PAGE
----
Patient and family centered care: a useful tool to integrate with guidelines!
© Arigliani et al. 2015
Published: 30 September 2015
The relationship between the paediatrician, the child and his family is often “paternalistic”:
“I'm the physician in charge, it's just me that knows what's the best for the child's health and I take decisions for the child and his family”.
This approach doesn't consider the autonomy of the patient and his right to have an active role in the decision making process about himself and his health.
Almost every Clinical Guideline recommends to actively involve the patient in the diagnostic-therapeutic work-up but seldom they suggest how to.
The Patient and Family Centered Care (PFCC) points out priorities, aims, methods to carry out a clinical approach really focused on the patient and his family and not just on his disease .
The PFCC highlights the importance of the patient's experience, which will be better if physicians integrate the disease management procedures with standardized “relational procedures” , focused on the patient and his family.
According to PFCC the Paediatrician is not interested into taking decisions for the patient (paternalistic approach) but he wants to involve him and the family in every step of the diagnostic/therapeutic pathway, turning the relationship into a partnership. The paediatrician should not just treat the disease but also care for the patient and his families, working hard to understand their real needs, wishes and fears, building an empathic relationship in order to make the child and his parents feel accepted, understood and supported.
An increasing number of Scientific Societies recognise the PFCC as an essential element of quality health care . Clinical studies show that the PFCC improves clinical outcomes, entails better compliance to therapies, more satisfaction for health care workers and patients, as well as reduction of costs and legal issues .
According to PFCC the health workers have to learn the communication and empathy abilities needed to recognize feelings and wishes of the patients in order to give them answers .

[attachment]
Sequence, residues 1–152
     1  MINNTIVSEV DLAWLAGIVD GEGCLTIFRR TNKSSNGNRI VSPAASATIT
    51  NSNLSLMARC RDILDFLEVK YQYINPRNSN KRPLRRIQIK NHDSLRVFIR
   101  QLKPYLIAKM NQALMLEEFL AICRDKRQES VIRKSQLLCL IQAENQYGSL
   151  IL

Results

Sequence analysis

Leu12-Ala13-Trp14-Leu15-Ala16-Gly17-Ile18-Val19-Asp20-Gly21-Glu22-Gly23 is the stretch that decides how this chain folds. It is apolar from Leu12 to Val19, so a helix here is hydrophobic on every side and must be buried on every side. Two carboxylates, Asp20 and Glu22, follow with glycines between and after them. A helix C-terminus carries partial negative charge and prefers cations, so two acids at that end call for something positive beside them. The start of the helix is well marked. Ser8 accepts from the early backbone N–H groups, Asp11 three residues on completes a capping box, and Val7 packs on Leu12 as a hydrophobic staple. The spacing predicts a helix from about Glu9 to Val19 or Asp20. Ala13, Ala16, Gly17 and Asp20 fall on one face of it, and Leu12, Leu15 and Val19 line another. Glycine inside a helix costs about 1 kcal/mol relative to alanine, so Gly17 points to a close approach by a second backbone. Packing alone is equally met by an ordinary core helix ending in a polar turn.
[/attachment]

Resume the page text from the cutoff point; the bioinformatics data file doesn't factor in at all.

Communication is a technical skill, which can be improved through experience and a specific training that should start since the beginning of medical school .
In summary the PFCC focuses on the patient, as a person, at 360°, through strategies that are feasible, repeatable, verifiable and continuously evolving, according to evidence.
- Dudley N, Ackerman A, Brown KM, Snow SK, American Academy of Pediatrics Committee on Pediatric Emergency Medicine, American College of Emergency Physicians Pediatric Emergency Medicine Committee, et al: Patient- and Family-Centered Care of Children in the Emergency Department. Pediatrics. 2015, 135: e255-e272. 10.1542/peds.2014-3424.PubMedView ArticleGoogle Scholar
- O'Malley PJ, Brown K, Krug SE, Committee on Pediatric Emergency Medicine: Patient- and Family-Centered Care of Children in the Emergency Department. Pediatrics. 2008, 122: e511-e521. 10.1542/peds.2008-1569.PubMedView ArticleGoogle Scholar
- Bardes CL: Defining “patient-centered medicine”. N Engl J Med. 2012, 366: 782-3. 10.1056/NEJMp1200070.PubMedView ArticleGoogle Scholar
- Committee on hospital care and institute for patient- and family-centered care: Patient- and family-centered care and the pediatrician's role. Pediatrics. 2012, 129: 394-404.View ArticleGoogle Scholar
- Brown K, Mace SE, Dietrich AM, Knazik S, Schamban NE: Patient and family-centred care for pediatric patients in the emergency department. CJEM. 2008, 10: 38-43.PubMedGoogle Scholar
- Levinson W: Patient-centred communication: a sophisticated procedure. BMJ Qual Saf. 2011, 20: 823-5. 10.1136/bmjqs-2011-000323.PubMedView ArticleGoogle Scholar
This article is published under license to BioMed Central Ltd. This is an Open Access article distributed under the terms of the Creative Commons Attribution License (http://creativecommons.org/licenses/by/4.0), which permits unrestricted use, distribution, and reproduction in any medium, provided the original work is properly cited. The Creative Commons Public Domain Dedication waiver (http://creativecommons.org/publicdomain/zero/1.0/) applies to the data made available in this article, unless otherwise stated.